Even using just two of the three would be suboptimal and constitute leaving money on the table. If you can eventually build up enough SEO equity, you can pause PPC advertising and see if you can get by without it — but you may not want to. Most big retailers run PPC ads in perpetuity because they continue to turn a profit.
How to give your work the most impact
When you’re pressed for time and have limited resources, you need to operate with tremendous efficiency. By prioritizing tasks that involve each of these practices, you can get significantly increased value in return for your effort. Here are some examples:
- Build compelling landing pages. One of the best things you can do for a core product is create a strong landing page to serve as the target of your traffic drivers. Mix together excellent content, design and UX to boost the product conversion rate and thus improve the on-page SEO factors to give it strong ranking potential.
- Produce cornerstone content. Through creating high-quality advisory, informative and/or entertaining content for a store blog or guide section, you can achieve several things that will affect everything we’ve looked at, such as:
- Raising your brand authority. The better your content (and the more useful information it provides), the more you will be seen as an authority in your area of the ecommerce world. This will reduce user reluctance while shopping (particularly for high-cost items), earn you better Google rankings, and give your PPC ads some convenient name value.
- Establishing consistency. Users and search engines alike prefer businesses that are consistent in what they say and how they act. Pushing out strong content on a regular schedule with no duds along the way will encourage prospective buyers to listen to you and search engines to trust the quality of your site.
- Winning social shares. People like to share content with their friends and communities. Having some great guides or articles on offer will boost your social shares, which will lend social proof to your core business, get you further attention, and feed back into a positive public perception.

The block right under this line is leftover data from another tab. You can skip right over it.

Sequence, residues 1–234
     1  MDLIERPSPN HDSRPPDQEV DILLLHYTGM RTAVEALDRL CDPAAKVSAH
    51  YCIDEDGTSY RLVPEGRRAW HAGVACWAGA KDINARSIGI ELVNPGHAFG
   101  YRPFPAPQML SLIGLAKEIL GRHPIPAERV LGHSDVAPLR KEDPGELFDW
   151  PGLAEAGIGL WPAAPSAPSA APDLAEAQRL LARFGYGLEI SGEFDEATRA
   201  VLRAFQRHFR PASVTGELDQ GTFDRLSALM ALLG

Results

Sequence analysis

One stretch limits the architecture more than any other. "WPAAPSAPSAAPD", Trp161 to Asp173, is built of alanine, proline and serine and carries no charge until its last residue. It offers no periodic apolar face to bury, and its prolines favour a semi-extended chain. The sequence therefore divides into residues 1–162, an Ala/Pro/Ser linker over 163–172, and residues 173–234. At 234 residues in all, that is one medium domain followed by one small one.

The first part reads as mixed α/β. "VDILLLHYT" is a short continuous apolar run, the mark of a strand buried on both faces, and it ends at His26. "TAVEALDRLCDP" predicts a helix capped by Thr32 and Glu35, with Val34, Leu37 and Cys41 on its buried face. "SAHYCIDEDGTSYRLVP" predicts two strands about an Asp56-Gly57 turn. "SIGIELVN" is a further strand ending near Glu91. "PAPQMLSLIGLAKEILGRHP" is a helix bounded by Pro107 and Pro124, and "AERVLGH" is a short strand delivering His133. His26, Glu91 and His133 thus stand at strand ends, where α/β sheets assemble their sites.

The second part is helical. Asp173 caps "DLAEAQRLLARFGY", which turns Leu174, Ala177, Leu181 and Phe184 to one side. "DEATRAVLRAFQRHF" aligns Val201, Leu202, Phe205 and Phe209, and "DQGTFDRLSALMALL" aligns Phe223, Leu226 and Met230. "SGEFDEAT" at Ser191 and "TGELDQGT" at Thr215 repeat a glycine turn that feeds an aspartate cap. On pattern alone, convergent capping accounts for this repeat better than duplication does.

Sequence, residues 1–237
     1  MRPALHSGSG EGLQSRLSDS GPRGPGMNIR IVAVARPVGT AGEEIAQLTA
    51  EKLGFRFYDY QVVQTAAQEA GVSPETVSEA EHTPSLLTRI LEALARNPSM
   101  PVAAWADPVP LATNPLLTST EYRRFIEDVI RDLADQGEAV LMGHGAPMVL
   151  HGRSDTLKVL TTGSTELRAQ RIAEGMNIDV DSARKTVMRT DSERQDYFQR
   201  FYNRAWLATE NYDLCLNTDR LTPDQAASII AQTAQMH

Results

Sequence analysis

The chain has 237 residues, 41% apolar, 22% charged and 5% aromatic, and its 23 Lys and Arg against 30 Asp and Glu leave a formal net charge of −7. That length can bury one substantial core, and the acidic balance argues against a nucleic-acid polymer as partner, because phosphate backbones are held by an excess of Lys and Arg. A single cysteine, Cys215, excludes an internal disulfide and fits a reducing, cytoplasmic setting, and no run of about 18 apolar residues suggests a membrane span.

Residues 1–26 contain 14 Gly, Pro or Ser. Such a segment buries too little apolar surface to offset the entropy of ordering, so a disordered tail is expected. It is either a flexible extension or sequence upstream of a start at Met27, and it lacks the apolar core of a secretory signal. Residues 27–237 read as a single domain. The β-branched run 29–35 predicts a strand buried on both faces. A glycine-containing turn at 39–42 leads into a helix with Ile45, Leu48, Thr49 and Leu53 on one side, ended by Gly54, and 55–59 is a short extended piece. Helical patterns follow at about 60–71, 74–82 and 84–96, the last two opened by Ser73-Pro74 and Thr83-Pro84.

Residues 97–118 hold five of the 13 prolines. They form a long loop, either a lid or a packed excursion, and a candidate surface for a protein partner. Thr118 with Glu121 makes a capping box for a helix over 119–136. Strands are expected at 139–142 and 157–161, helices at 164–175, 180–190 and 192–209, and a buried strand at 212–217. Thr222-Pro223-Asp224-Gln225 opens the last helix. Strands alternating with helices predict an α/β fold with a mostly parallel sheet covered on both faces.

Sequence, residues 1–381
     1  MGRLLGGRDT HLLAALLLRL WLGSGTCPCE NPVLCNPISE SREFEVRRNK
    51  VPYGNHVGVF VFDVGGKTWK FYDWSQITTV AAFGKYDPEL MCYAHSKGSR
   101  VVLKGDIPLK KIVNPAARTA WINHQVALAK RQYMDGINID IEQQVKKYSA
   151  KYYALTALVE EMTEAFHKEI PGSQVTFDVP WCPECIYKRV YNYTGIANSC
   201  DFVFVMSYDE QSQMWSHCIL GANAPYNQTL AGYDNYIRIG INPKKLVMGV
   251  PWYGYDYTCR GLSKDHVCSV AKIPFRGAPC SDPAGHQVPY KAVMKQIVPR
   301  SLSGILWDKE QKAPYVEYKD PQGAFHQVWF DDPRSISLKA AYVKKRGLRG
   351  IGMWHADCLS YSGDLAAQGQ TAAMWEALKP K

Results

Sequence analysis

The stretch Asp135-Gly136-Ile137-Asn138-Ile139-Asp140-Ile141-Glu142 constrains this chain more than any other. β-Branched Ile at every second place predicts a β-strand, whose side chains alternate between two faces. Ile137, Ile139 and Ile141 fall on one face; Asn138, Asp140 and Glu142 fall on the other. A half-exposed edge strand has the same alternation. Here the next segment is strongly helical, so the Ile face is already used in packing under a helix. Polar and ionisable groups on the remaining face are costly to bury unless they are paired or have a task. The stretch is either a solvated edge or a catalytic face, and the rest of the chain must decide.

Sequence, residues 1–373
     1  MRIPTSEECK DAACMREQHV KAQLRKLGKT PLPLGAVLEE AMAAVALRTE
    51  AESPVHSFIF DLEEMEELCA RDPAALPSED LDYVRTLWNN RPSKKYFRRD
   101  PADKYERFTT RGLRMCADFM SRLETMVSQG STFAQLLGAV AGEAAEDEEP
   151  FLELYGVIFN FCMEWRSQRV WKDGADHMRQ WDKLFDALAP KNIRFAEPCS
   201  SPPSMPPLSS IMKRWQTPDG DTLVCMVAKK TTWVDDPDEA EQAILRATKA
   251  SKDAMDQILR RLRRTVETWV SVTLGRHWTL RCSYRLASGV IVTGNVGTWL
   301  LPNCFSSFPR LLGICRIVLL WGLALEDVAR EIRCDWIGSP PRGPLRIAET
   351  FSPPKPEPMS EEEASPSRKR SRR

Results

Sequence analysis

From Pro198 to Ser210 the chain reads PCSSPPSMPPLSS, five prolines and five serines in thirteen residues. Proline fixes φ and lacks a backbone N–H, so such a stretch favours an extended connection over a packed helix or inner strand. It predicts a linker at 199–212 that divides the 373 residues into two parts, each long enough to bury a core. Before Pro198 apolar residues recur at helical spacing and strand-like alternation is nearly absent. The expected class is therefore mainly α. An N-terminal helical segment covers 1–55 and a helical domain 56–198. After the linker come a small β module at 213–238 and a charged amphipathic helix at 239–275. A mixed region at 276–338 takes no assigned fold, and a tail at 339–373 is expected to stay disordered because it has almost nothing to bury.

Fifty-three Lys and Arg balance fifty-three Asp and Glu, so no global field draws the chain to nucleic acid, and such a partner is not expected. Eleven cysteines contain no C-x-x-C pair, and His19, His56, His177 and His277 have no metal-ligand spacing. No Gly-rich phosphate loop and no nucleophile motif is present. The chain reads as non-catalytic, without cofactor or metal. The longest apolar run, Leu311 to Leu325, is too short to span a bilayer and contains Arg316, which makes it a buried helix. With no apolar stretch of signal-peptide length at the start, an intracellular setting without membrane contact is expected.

- Target multiple channels. With so many popular digital channels competing to occupy our time, it’s unwise to focus on any one of them in particular. If you’ve spent time and resources on making your website and blog content extremely impressive, you need to get that content in front of as many eyes as possible — and that means cross-platform and cross-channel. What’s more, it isn’t even that difficult to achieve this using tools like Hootsuite (though you need to be careful about the formatting).
- Run extensive A/B testing. A/B testing is simply the practice of alternately running two versions of a page. You might change an image, a piece of text, or even a button — you might even change multiple things, though that would make the results less clear. Applying A/B testing across your entire marketing funnel (going all the way from the formatting of your PPC ads to the central CTA of your landing page) will get you the best results, because even a slight improvement to each step will add up to a meaningful improvement to the overall process.
The marketing process doesn’t often succeed through one particularly-convincing step, because it’s a slow build, and even the most captivating introduction can be undermined by a weak follow-up. A funnel with no weak links will work considerably better than one with a couple of standouts and a solitary clunker. Remember that mostly everyone who ends up buying from you will need to have made their way through the entire process — one weak link can ruin the chain.
Assuming you’re an ecommerce entrepreneur aspiring to achieve further growth, my hope with this piece is that it gives you a better understanding of the level of awareness you must have to make the most of the online opportunities available to you.
No matter how tempted you are to overlook one part of the process (you might hate writing product copy, for instance), it’s vital that you don’t. Whether you do it all yourself, or bring in some assistance to get it all done, make sure that your strategy encompasses SEM, SEO, and CRO — your bottom line will benefit soon enough.
About the Author
Patrick Foster gives his input on the latest and most interesting events and topics affecting online entrepreneurs through his posts for Ecommerce Tips, an advice-based blog created to help aspiring traders achieve their ambitions. Take a look, and follow along on Twitter @myecommercetips.